Chelsea won their first English league title in 1955 under manager Ted Drake and enjoyed cup success under Dave Sexton in the 1970s before spending time in the second tier for parts of the next decade as their struggles belied the club's glamorous past and attractive west London location. The team became a cosmopolitan outfit under Glenn Hoddle, Ruud Gullit and then Gianluca Vialli winning trophies at home and abroad before the arrival of billionaire Russian owner Roman Abramovich took the club to the next level. Back-to-back league titles under Jose Mourinho followed and in 2012 Chelsea became the first London club to be champions of Europe.


Founded: 1904

Ground (Capacity): Veltins Arena (61,973)

League titles: 7

European best: Semi-finalists (2011)

Schalke were the dominant team of German football throughout the 1930s, winning six of their seven titles by 1942. Titles have been harder to come by since then with the last coming in 1958 - five years prior to the establishment of the Bundesliga - but the club remains hugely popular and second only to Bayern Munich in terms of membership. The Gelsenkirchen-based side has won the German Cup three times since the turn of the century and had their best ever run in the Champions League under Ralf Rangnick in 2011 before falling to Manchester United in the last four.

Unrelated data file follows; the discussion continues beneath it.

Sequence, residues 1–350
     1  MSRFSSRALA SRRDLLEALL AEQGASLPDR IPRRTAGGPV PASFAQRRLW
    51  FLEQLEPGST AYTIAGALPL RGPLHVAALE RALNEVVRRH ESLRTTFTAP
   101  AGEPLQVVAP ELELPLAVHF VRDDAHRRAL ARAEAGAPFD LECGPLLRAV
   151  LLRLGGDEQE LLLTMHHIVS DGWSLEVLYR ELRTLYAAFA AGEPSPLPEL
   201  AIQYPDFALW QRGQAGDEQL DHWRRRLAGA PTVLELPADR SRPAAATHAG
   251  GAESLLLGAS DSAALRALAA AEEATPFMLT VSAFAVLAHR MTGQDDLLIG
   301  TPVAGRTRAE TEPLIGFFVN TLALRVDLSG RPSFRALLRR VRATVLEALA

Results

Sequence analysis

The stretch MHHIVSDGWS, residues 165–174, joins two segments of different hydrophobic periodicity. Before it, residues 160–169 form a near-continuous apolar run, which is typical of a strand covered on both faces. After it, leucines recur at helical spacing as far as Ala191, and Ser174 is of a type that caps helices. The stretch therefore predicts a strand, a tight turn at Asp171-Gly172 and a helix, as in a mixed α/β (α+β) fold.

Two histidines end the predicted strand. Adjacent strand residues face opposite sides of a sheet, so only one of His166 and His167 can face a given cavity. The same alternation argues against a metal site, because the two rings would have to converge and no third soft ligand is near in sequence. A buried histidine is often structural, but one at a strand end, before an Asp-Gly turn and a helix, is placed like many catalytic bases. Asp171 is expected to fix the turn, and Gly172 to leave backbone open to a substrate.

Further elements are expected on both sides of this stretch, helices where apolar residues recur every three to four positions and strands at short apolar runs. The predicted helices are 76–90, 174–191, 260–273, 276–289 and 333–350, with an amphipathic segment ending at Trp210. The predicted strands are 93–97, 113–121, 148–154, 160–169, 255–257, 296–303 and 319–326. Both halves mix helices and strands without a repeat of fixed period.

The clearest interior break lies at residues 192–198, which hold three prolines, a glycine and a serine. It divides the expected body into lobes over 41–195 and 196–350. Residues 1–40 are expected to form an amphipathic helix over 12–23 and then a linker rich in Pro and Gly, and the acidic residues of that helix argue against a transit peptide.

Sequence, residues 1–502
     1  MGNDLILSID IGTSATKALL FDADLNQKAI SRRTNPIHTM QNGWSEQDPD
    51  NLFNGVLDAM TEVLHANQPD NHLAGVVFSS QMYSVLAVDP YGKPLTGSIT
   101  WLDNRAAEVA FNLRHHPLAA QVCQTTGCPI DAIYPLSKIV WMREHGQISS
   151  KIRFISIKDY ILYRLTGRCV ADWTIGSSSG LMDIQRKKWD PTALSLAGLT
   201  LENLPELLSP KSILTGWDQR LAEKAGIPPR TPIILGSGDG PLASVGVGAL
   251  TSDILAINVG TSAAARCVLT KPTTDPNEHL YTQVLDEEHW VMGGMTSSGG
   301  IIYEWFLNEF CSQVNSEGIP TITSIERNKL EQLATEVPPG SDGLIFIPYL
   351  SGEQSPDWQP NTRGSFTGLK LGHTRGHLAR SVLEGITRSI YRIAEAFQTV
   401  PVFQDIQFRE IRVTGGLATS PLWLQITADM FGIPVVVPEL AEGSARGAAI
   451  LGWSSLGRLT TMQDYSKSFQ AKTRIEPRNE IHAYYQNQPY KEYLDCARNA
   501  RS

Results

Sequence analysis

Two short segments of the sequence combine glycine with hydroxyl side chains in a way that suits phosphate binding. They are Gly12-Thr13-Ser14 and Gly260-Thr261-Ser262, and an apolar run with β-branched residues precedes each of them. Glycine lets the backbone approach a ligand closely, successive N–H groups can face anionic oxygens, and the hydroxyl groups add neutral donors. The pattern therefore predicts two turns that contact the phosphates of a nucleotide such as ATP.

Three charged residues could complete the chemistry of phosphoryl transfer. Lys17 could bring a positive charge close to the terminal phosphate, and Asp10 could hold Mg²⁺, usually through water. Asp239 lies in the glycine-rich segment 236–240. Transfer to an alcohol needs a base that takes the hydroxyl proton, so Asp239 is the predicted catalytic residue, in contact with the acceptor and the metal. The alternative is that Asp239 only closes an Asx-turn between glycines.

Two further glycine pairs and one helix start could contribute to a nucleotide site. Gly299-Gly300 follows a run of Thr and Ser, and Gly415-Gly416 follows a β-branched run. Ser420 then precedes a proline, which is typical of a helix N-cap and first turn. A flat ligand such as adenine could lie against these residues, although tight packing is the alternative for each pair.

The Managers

Arsene Wenger

Arsene Wenger: Veteran coach

The French coach was regarded as a shock appointment as Arsenal boss in 1996 when he became the third non-British manager of the Premier League era but is now the grand old man of management in England with a reputation for attractive football. Having spent more than 17 years in charge of the Gunners (the next longest-serving top-flight boss is Alan Pardew, who has yet to complete three years at Newcastle), he has led the team to three Premier League titles. Two of those were part of Doubles and the other victory is remembered as the work of The Invincibles - the first English team since Preston North End in 1889 to go an entire league season without defeat. Wenger has supporter criticism in recent seasons for his failure to develop the side but after a strong start to the current campaign, he is enjoying something of a renaissance and renewed hope of a successful title challenge after going eight years without a trophy.

Jurgen Klopp

Jurgen Klopp: Effervescent figure